posted on November 20, 2012 15:55
Book by Thomas J. Kerr, Margaret C. King and Thomas J. Grites
Review by Karen L. Archambault-Crim
Director of Student Services
Brookdale Community College (Lincroft, NJ)
In the drive toward high rankings and improved retention statistics, transfer students often fall through the cracks within institutions of higher education. Advising Transfer Students, one of the latest NACADA monographs, demonstrates the uniqueness of this sometimes challenging student population and provides strategies for integrating transfer students into the work of advising centers and the institution as a whole. In doing so, this monograph provides a framework advisors can use to better understand these students and help them reach their varied educational goals.
The centerpiece of Advising Transfer Students is its emphasis on two seemingly opposing points of view regarding transfer students. First, the editors present transfer students as unique in their characters and needs; therefore they require focused evaluation and assistance. Second, the editors argue that the concept of transfer students as a group has been overemphasized; transfers are too heterogeneous a group to benefit from simplification of services or needs. The ability of the editors to meld these two seemingly opposing concepts into a collection of essays is perhaps the work’s greatest strength. Their view of transfer students as a broad group – including those transitioning from high school to college, as well as those transferring from community colleges and from other four year schools – allows the editors to develop a monograph that is broad in scope while it still addresses the specifics of subsections under the “transfer student” umbrella.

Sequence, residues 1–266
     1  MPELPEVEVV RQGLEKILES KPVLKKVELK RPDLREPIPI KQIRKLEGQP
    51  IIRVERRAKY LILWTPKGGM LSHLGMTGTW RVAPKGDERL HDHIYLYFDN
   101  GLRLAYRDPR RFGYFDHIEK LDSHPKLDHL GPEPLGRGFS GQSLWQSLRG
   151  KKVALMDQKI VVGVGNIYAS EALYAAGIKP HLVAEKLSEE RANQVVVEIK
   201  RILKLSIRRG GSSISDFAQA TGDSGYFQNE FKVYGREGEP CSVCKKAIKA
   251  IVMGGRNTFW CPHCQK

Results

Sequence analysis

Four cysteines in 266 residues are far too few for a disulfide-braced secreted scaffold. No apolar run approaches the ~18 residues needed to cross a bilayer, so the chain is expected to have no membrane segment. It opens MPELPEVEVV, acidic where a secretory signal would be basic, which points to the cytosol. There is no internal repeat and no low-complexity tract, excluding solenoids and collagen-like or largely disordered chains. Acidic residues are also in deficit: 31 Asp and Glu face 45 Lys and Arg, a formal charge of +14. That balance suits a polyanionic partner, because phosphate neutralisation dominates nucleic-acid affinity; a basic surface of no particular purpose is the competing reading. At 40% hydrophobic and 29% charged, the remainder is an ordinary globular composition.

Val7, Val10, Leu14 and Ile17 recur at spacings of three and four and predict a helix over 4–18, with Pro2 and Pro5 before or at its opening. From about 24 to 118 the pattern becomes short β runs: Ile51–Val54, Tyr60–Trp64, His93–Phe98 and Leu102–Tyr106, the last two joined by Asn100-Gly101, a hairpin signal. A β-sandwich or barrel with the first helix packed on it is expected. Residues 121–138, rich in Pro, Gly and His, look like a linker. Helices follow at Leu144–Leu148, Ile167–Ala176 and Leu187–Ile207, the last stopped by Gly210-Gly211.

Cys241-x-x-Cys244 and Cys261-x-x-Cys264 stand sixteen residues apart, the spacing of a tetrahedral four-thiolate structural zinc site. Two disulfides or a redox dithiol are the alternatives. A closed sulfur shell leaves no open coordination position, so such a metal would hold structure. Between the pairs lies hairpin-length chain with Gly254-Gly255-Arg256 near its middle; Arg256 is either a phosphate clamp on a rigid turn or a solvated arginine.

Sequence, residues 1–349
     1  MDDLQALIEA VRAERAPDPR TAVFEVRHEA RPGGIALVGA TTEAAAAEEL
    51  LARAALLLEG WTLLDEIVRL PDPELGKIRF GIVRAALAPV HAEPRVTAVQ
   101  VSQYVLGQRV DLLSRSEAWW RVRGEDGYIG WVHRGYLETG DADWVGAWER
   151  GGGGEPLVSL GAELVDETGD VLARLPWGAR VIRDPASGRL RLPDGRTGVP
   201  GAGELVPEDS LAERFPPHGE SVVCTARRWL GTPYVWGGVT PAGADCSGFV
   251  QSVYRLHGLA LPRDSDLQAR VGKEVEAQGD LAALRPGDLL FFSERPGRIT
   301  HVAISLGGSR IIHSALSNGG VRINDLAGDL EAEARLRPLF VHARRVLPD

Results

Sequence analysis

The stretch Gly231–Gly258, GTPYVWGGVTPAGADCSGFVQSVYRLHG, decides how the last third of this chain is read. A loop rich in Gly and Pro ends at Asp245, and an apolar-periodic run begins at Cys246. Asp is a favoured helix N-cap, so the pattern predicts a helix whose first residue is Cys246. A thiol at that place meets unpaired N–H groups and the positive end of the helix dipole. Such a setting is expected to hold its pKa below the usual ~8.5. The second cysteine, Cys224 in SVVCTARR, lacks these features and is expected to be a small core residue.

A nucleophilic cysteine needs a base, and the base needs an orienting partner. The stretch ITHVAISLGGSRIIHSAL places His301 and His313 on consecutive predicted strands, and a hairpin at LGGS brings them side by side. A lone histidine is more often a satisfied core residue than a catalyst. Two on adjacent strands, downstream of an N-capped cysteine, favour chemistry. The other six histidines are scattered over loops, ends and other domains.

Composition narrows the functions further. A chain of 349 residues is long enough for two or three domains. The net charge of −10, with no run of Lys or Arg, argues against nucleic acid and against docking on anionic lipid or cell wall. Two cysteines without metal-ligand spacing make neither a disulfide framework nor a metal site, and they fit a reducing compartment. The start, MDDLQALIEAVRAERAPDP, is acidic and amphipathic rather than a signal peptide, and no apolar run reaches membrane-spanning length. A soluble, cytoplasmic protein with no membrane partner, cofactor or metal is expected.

Advising administrators who seek to improve the quality of their services will benefit greatly from the “best practices” approach used in later chapters. Here readers will find examples that detail how to build comprehensive transfer programs including examples from the Florida statewide system and the College of Charleston where wide-ranging resources focus on academic advising as part of the retention-to-graduation of transfer students. Those seeking to go beyond transfer articulation agreements will find a range of options available.
In addition to the editors’ emphasis on planning and programming, the work demonstrates why individual advisors must gain the specific knowledge necessary to successfully assist transfer students. Discussions on the benefits of web based articulation agreements and automated transfer credit evaluations are balanced by an understanding that the advisor remains central to the student’s success. Transfer students benefit from technology only when the technology enhances, but does not replace, the knowledge and presence of advisors. This is particularly true when advisors work with students during recruitment and orientation.
Readers seeking a guide for working with transfer students, their advisors, and program administrators, will be well served by this work. Readers will be hard pressed to find a more comprehensive and helpful text that addresses the needs of transfer students.
Advising Transfer Students: Issues and Strategies. (2004). Book by Thomas J. Kerr, Margaret C. King and Thomas J. Grites, Eds. Review by Karen L. Archambault-Crim. Manhattan, KS: NACADA, 168 pp. $40.00, (paperback) Order # M12